Pentagon official: Military ready to protect US personnel, facilities in Venezuela

Pentagon official: Military ready to protect US personnel, facilities in Venezuela
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The head of U.S. Southern America Command (Southcom) on Thursday said the military is prepared to protect Americans and U.S. diplomatic facilities in Venezuela “if necessary.”

“Southcom is supporting diplomatic efforts, and we are prepared to protect U.S. personnel and diplomatic facilities if necessary,” Navy Adm. Craig Faller said in his opening remarks during a Senate Armed Services Committee hearing.

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Venezuela is in the midst of a political crisis under President Nicolás Maduro, who was sworn in for a second term last month. His election has widely been viewed as illegitimate, and the Trump administration last month recognized the leader of the country’s National Assembly, Juan Guaidó, as interim president.

Canada and several European and South American nations have since announced their support for Guaidó.

As the crisis worsens, President Trump has repeatedly floated the possibility of using U.S. forces to push out Maduro. Last week he said U.S. military intervention in the country is an “option.”

Faller called the situation in Venezuela “dire,” and said Maduro’s government “starves its people by using food as a weapon.”

Venezuela has “about 2,000 generals – more than all of NATO combined” with the majority of them on Maduro’s payroll via illicit drug trafficking, oil profits and corrupt businesses “to buy their loyalty and protection,” Faller said.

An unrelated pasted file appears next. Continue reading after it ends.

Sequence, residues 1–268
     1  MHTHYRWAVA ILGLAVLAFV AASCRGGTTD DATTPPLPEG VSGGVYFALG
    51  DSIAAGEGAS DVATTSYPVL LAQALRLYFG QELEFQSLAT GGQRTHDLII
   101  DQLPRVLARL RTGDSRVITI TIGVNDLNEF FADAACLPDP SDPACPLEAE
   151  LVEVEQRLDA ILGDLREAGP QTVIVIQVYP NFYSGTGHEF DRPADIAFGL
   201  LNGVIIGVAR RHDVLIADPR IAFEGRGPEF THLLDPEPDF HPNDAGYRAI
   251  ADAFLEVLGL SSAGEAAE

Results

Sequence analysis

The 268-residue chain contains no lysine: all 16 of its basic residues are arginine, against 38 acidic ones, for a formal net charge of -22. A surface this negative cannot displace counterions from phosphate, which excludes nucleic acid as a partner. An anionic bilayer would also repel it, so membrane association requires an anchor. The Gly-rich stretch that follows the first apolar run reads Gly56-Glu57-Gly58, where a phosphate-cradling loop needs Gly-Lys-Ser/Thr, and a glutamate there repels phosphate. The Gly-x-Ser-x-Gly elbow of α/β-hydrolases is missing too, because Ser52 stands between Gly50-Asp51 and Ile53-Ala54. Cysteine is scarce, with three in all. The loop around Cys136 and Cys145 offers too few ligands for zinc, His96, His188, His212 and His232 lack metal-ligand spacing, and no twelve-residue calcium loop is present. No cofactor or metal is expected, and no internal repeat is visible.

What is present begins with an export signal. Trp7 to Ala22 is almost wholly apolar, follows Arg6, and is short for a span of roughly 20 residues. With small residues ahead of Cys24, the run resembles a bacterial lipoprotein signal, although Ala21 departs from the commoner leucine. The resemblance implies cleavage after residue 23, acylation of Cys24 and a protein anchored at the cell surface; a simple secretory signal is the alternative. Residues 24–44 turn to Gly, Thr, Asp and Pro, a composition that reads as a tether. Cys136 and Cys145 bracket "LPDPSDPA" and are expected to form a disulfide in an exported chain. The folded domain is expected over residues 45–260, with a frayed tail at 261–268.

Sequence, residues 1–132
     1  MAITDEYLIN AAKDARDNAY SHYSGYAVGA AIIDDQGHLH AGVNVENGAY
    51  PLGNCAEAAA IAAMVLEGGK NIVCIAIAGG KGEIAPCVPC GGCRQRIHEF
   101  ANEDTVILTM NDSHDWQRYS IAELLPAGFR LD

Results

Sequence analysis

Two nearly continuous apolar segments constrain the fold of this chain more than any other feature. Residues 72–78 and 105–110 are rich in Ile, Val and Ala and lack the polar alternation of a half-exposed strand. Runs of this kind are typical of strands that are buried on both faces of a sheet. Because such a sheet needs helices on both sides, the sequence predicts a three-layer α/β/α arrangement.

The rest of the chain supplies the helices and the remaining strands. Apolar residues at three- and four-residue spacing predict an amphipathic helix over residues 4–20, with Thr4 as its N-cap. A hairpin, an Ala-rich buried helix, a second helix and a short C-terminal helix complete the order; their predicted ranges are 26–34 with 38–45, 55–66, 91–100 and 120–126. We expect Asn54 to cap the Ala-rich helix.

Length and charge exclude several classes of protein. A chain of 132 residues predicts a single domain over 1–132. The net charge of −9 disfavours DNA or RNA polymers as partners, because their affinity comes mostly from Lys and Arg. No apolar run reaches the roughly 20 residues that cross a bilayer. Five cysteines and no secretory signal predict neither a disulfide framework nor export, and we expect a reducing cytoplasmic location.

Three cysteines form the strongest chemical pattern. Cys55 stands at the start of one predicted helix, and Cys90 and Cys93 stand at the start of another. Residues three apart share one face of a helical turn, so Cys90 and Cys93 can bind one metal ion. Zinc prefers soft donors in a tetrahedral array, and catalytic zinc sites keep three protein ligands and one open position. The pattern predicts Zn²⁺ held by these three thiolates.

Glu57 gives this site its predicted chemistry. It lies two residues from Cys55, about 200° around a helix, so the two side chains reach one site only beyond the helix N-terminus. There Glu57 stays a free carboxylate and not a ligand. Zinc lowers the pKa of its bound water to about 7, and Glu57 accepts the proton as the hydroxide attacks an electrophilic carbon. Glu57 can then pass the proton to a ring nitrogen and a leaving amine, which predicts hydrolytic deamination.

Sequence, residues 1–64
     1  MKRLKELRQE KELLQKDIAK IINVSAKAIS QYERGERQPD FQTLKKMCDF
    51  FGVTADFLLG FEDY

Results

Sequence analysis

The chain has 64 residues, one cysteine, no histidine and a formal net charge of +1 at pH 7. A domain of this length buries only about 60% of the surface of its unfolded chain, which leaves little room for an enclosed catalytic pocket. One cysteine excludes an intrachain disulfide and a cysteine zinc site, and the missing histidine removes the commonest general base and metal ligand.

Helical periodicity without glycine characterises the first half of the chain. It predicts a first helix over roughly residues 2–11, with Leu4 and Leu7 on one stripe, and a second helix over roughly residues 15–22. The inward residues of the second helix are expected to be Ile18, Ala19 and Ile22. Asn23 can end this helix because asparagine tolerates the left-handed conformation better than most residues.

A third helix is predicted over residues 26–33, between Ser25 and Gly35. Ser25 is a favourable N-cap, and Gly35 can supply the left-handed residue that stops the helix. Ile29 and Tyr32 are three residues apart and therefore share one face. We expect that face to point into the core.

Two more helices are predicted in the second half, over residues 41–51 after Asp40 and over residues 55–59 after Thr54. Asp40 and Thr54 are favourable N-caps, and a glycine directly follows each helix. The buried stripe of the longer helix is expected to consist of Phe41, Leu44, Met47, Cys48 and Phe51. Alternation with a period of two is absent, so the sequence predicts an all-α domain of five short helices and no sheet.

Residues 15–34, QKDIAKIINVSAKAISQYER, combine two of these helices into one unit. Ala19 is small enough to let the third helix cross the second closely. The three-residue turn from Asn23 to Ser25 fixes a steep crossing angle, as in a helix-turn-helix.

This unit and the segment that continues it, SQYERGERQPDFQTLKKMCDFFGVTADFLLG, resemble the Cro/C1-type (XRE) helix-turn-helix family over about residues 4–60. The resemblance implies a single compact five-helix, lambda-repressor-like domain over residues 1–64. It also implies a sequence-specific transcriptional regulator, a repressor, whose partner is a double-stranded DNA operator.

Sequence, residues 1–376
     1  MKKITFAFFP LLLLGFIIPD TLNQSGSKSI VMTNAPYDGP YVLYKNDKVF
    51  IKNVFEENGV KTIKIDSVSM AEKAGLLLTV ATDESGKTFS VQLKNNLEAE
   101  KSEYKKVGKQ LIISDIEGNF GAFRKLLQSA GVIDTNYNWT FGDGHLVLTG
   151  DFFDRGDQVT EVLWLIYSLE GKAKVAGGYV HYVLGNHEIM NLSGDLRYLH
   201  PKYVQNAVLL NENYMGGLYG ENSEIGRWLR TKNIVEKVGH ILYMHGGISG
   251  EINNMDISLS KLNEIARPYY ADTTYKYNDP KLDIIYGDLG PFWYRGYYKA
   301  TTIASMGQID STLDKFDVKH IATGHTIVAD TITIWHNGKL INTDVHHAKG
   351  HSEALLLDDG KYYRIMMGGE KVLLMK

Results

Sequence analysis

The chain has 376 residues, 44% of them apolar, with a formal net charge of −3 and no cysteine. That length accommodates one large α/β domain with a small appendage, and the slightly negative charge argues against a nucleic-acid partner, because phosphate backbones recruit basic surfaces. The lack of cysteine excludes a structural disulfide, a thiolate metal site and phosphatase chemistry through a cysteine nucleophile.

He added that Cuba “pretty much owns the security around Maduro and is deeply entrenched in the intelligence service.”

He also said the Venezuelan military is “starving just like their population,” and believes that the people are “ready for a new leader.”

“The legitimate government of President Guaidó has offered amnesty and a place for the military forces, most of which we think would be loyal to the Constitution, not to a dictator, a place to go,” Faller said.

He warned that while Venezuela's military is “a degraded force,” it is still largely loyal to Maduro, “and that makes it dangerous.”

Speculation over a possible U.S. military intervention in Venezuela was raised late last month when national security adviser John Bolton was photographed at a White House press briefing holding a yellow notepad with the words “5,000 troops to Colombia” written on it.

Bolton would not comment on the note and has said a military intervention in Venezuela is not imminent but “all options are on the table.”

U.S. lawmakers, meanwhile, have called for transparency on the administration’s plans for the South American country.

“Congress must be consulted if there is any military planning action beyond the current planning for the evacuation of U.S. citizens and embassy personnel," Sen. Jack ReedJohn (Jack) Francis Reed Embattled senators fill coffers ahead of 2020 Senators show deep skepticism on Space Force proposal Barr says 'spying' took place on Trump campaign MORE (D-R.I.), the ranking member of the Senate Armed Services Committee, said at Thursday's hearing.